'Insofar as taxpayer's motion requests production of the interdepartmental memoranda, recommendations, reports and findings of the Internal Revenue Service and the Department of Justice, which relate to the administrative consideration given taxpayer, all such documents reflect the mental processes, impressions, reasonings, opinions, and recommendations of the attorneys and agents of the Commissioner of Internal Revenue and the Attorney General. These documents constitute the Government's internal work product and, as such, are not subject to discovery.'
After a perfunctory hearing at which no attempt was made to ascertain the content or nature of the documents or to identify all of the individuals concerned therewith, the district court, without making any findings or stating any reasons, ordered that the motion to produce was granted. Ten days later at the request of the government2 the court vacated this order and entered another characterized by the same generality but adding that the order involved a controlling question of law which was thus stated:
'Whether, in this action for refund of taxes in which plaintiff seeks a determination that it is exempt from taxation under Section 501(c)(3) of the Internal Revenue Code of 1954, the alleged discriminatory motives and actions of Government officials who previously considered its status are material to the issue of exemption, and, if proven, can support a recovery herein, and, therefore, whether it is proper as a matter of law to order production of documents relating to such motives and actions.'
We have difficulty in reconciling the quoted portion of the order with the record as it then existed. First, the government in its answer denied arbitrary and discriminatory action. Second, the issue, stated in the pre-trial order and never changed, did not include any question of arbitrary and discriminatory action. Third, the scope and content of the requested documents are not divulged. Fourth, no ruling was made on the objections of the government asserting lack of good cause, unavailability of the documents under the work product rule, and claim of executive immunity.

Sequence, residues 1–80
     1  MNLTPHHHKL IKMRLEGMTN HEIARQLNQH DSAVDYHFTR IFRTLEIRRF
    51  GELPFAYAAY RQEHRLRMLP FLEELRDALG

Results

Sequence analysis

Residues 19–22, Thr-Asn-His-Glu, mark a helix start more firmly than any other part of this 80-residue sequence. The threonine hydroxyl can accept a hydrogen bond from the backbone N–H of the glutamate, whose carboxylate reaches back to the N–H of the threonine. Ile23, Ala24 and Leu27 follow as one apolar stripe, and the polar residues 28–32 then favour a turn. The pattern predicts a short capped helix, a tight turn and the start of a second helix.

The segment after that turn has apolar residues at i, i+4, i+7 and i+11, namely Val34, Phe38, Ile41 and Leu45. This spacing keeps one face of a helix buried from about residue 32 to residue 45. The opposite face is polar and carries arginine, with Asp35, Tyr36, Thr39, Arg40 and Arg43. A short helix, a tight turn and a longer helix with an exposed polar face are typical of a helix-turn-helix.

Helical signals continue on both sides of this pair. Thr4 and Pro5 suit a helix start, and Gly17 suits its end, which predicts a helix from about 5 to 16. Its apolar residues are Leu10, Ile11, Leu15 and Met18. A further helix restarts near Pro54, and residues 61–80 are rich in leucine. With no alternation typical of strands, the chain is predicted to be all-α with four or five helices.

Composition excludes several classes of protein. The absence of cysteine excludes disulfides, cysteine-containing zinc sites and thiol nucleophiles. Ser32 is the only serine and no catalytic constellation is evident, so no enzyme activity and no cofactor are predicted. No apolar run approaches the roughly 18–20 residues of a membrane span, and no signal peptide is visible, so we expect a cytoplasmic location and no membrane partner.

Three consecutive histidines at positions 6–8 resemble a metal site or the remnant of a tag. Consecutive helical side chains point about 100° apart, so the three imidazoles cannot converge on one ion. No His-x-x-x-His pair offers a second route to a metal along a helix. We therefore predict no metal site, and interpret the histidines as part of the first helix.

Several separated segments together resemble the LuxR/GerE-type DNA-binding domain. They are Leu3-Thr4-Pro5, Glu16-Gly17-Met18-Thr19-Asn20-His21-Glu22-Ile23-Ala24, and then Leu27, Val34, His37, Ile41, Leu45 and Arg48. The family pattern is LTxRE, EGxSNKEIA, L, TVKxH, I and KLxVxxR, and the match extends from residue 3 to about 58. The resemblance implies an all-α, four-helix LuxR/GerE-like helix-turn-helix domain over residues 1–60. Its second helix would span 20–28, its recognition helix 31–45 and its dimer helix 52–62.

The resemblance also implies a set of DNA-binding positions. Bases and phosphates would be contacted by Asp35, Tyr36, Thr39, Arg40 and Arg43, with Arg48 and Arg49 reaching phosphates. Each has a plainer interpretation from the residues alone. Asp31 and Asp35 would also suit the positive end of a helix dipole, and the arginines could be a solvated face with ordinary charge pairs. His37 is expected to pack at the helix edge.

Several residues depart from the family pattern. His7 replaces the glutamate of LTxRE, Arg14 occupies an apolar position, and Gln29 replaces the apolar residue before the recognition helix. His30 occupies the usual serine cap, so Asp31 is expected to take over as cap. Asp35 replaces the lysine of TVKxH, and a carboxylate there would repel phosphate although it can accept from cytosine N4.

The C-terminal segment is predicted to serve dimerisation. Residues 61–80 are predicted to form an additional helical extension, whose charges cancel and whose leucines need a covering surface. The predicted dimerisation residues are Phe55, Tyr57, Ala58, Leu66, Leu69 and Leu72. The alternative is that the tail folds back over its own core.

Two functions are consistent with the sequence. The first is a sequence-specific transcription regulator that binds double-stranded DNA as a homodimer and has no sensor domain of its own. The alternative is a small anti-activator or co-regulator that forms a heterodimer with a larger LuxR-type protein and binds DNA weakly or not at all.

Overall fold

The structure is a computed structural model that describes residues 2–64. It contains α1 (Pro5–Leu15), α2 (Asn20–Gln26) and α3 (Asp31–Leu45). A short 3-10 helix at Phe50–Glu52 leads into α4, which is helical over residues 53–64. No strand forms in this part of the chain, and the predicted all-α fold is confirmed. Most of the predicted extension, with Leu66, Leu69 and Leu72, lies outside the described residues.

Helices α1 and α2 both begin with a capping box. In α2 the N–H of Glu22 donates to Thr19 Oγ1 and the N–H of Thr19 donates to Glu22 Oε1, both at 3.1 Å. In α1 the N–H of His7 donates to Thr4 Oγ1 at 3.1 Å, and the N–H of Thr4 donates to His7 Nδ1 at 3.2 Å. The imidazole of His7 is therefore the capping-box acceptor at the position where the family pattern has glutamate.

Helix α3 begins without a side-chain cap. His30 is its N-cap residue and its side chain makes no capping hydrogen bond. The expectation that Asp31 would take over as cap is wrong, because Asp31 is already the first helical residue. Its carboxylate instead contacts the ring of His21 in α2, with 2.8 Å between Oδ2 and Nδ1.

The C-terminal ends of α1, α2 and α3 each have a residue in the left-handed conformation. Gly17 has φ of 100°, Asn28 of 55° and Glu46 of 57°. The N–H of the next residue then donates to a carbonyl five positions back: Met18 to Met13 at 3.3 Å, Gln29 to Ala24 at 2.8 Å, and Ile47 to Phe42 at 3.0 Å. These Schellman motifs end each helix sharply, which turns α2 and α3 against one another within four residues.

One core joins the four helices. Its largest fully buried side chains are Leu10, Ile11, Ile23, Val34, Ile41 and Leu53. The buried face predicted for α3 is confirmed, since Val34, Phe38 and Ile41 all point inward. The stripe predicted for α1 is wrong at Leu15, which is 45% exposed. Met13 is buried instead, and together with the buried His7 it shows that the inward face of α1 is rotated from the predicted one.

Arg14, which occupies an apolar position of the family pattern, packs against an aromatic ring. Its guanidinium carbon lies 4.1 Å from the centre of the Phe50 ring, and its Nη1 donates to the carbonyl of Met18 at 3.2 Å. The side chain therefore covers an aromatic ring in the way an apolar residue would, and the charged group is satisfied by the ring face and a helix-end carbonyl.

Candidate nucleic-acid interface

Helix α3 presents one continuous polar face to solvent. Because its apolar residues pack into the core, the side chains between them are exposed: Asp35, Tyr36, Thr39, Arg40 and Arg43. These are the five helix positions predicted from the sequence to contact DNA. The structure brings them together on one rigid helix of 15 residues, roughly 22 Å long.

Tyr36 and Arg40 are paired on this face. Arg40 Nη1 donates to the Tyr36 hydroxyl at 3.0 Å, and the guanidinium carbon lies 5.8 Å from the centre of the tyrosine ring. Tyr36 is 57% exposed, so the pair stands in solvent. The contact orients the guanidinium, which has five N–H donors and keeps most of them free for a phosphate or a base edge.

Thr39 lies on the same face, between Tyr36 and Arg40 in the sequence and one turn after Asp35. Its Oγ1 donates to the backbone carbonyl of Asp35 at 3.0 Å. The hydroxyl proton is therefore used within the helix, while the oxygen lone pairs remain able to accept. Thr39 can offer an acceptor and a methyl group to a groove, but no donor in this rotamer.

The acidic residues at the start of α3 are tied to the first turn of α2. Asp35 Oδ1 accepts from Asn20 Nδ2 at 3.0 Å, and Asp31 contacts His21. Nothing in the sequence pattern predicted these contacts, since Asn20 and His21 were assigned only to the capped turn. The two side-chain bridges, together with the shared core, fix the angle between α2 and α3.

At least a modicum of consistency is desirable. If the government's denial of arbitrary and discriminatory action is true, that ends the matter. If the pretrial order correctly states the issue, that ends the matter because good cause does not exist. Without knowing the scope and content of the documents, we have no way of determining whether the controlling question of law mentioned by the trial judge is present. It may be that other objections, made by the government and left in a state of limbo, are good.
We are asked to decide an important question of law on which no appellate court has yet spoken directly and we are asked to do this on an unsatisfactory and confused record. We decline the invitation. The question is not ripe for decision. An appellate court will not give an advisory opinion on unknown facts.
Although we do not answer the certified question, the state of the record impels action on our part. We do not approve of the manner in which the Rule 34 motion and the objections thereto were handled in the trial court. The government is entitled to specific rulings on its objections. We do not know how such rulings can be made without some disclosure, perhaps in camera, of the scope and content of the documents. We commend to court and counsel the manner in which a Rule 34 motion and objections were handled in Natta v. Hogan, 10 Cir., 392 F.2d 686, 691-694.
The order to produce is vacated and the case is remanded to the district court for further proceedings.
Sitting by designation
Section 501(c)(3), so far as pertinent exempts: 'Corporations, * * * organized and operated exclusively for religious, * * * or educational purposes, * * * no part of the net earnings of which inures to the benefit of any private shareholder or individual, no substantial part of the activities of which is carrying on propaganda * * * to influence legislation, and which does not participate in, or intervene in * * * any political campaign on behalf of any candidate for public office.'
This appears in the copy of the May 17 letter from Assistant Attorney General Rogovin to the trial judge which is attached to the application for leave to appeal